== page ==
EU Files Formal Charges Against Google Over Android Conduct
EU says Google imposed restrictions on Android device makers, network operators.
The sculpture of a Google Inc.’s Android mobile operating system mascot sits inside the Googleplex headquarters in Mountain View, California. Google’s behavior stifles competition and closes off ways for rival search engines to access the mobile market, the EU says. Photo: Bloomberg News
Google pursued an overall strategy on mobile devices to protect and expand its dominance on Internet search,” said European Antitrust Commissioner Margrethe Vestager in a news conference on Wednesday. “Google’s behavior has harmed consumers by stifling competition and harming innovation in the wider Internet space.”
Google General Counsel Kent Walker responded that “Android has helped foster a remarkable—and, importantly, sustainable—ecosystem, based on open-source software and open innovation,” adding that the company will work with the EU “to demonstrate that Android Advertisement is good for competition and good for consumers.”
Ms. Vestager last April opened the formal probe into Google’s conduct with its Android operating system. The investigation stems from a complaint filed in April 2013 by FairSearch, a coalition of technology companies.
On Wednesday, the commission laid out in greater detail its concerns about Google’s behavior with Android.
The EU said Google breached EU antitrust rules by requiring smartphone makers to preload Google Search and the Google Chrome browser and set Google Search as the default search service on devices if phone makers want to include any popular Google services on their devices, such as Google Maps or the Play store for apps.
Google also violated the rules by preventing manufacturers from selling smart mobile devices that run on competing operating systems based on Android code, and by offering financial incentives to manufacturers and carriers to exclusively pre-install Google search on devices, the EU said. Ms. Vestager declined to detail those incentives.
As Internet users have migrated from desktops to mobile devices, Android has been central to Google’s strategy, creating an ecosystem that encourages handset makers and phone carriers to install Google apps, so that users continue to see the ads that Google sells. Wednesday’s charges potentially threaten that model, and Google’s position in the fast-growing mobile-advertising market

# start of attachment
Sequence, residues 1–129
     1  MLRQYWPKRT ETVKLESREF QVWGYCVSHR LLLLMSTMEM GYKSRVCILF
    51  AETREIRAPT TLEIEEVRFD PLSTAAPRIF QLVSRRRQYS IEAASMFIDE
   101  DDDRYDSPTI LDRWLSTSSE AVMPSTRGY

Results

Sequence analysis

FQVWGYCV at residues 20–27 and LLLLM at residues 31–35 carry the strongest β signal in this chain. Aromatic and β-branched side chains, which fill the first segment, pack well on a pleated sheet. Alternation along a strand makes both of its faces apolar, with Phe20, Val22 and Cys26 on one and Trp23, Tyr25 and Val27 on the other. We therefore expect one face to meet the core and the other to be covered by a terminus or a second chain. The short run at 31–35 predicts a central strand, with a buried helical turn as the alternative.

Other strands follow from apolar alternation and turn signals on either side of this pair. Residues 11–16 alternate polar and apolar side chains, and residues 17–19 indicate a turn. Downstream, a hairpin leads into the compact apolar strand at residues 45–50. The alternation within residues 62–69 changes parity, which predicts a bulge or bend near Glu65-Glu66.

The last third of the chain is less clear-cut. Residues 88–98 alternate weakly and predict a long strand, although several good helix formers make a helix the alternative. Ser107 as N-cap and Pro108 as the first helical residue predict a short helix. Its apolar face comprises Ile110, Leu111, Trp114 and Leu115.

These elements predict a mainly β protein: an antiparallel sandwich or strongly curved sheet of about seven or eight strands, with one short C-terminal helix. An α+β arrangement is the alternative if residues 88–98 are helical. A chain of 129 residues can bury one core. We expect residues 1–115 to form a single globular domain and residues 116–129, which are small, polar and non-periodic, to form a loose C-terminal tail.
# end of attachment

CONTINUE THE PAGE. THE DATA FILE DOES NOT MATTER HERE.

The charges also escalate the EU’s broader effort to rein in a cadre of large U.S.-based tech firms that regulators and politicians accuse of running roughshod over national and international rules in areas spanning competition, privacy and taxes. Several EU privacy regulators are pursuing Facebook Inc. for alleged violations of national privacy laws, while the EU’s antitrust officials are investigating the tax affairs of Amazon.com Inc. and Apple Inc.
At the same time, countries such as Spain, France and Germany have clashed with online-service firms such as Uber Technologies Inc. and Airbnb Inc. that have threatened regulated industries including taxis and hotels. Meanwhile, tax authorities in France and other countries are trying to claw back hundreds of millions of euros in alleged back taxes from companies including Google.
Critics have accused the EU of pursuing a protectionist agenda aimed at kneecapping U.S. companies. Those critics, including tech executives, point in part to the decision Tuesday by Canada’s competition authority to close its probe of Google’s practices, including with regard to Android. But Ms. Vestager dismissed those objections.
“It is not our job to defend companies. It is our job to protect competition,” she said. “If dominance is abused, then we have an issue.”
Ms. Vestager has been aggressive in pursuing potential antitrust violations. Last April, when Ms. Vestager first opened a formal probe into Android, she also filed separate formal charges against Google for allegedly abusing its position as the leading search engine by favoring its own comparison shopping service. Google rejects those charges.
The EU is also investigating other parts of Google’s business, including whether the company leverages its dominance in search in other areas including copying of web content, display of travel, mapping and local search results and whether Google obstructs website operators from placing ads on their websites that compete with Google’s advertising business.
Google could face fines up to 10% of the company’s annual global revenue for each of the formal charges issued. The company could also seek to negotiate a settlement in both the Android and shopping cases. Last year, Alphabet reported $74.54 billion in world-wide revenue for its Google segment.